The Great Composer Quiz – Baseball Returns Edition

Time’s up, pencils down, the Great Composer who had as much fun playing the organ as baseball, or so he said excitedly after playing his own Variations on “America” at a Fourth of July celebration in Brewster, New York. At fourteen, he became the youngest salaried organist in the state of Connecticut, and at fifteen he played center field for his team at a New England preparatory school team in the afternoon, and performed a fully-slated organ recital that evening.

Charles Ives (left) as a pitcher for the Hopkins School, New Haven.

The answer is Charlie Ives, as he was known while playing center field and pitching for the Hopkins School in New Haven. Ives was an all-around athlete. He was voted captain of his baseball team at Hopkins. At Yale, he devoted so much time to sports he struggled to maintain a D+ GPA. He played on the varsity football team, where his coach urged Charlie to join the track team, saying he could be a collegiate champion sprinter. Ives was also a formidable tennis player. In the end, Ives’s favorite sport was Baseball, and he proved his love in his music. Among his Baseball-related pieces are Some southpaw pitching, Old home day, and All the way around and back. He also left unfinished sketches for Take-off #3: Rube trying to walk 2 to 3!!, Take-off #7: Mike DonlinJohnny Evers, and Take-off #8: Willy Keeler at the bat.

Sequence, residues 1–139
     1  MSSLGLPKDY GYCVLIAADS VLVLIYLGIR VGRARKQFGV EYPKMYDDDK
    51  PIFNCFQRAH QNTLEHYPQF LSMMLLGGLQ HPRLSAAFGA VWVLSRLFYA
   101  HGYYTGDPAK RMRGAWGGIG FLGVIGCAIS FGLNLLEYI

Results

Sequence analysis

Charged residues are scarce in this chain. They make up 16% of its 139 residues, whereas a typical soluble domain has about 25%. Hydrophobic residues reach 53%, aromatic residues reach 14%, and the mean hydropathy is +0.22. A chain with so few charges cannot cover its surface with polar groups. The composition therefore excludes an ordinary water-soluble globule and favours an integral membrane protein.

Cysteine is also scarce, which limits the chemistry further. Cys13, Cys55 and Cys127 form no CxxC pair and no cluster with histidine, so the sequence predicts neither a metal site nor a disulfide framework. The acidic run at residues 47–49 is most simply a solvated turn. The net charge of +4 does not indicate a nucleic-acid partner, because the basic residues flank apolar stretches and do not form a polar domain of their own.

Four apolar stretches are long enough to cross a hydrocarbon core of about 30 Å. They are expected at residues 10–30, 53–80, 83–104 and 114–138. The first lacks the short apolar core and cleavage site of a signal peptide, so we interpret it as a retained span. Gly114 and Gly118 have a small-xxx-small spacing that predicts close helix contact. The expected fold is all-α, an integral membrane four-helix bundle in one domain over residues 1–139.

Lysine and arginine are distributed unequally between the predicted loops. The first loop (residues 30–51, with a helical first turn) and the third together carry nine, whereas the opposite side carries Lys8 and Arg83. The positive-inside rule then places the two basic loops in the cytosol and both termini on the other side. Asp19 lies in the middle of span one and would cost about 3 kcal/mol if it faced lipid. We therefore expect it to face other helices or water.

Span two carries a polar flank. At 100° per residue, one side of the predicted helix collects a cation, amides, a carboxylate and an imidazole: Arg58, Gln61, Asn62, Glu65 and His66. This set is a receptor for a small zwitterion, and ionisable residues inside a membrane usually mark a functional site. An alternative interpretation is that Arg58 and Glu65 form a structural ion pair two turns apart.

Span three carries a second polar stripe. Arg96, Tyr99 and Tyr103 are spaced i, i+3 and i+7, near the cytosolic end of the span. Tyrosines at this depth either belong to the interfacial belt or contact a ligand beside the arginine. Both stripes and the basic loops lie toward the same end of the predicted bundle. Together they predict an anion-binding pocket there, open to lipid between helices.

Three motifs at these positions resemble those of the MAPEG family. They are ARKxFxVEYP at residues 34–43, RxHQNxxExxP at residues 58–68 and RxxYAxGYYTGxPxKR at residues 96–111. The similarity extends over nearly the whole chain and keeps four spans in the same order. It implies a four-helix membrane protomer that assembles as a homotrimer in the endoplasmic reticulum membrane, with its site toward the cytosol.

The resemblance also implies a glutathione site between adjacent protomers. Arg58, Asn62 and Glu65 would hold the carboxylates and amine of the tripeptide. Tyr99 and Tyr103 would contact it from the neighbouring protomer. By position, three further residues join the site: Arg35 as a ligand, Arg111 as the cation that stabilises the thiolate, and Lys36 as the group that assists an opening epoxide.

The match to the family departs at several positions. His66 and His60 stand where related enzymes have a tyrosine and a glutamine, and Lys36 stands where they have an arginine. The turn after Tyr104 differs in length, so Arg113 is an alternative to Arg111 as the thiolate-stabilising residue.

Click here to listen to Some southpaw pitching by Charlie Ives.

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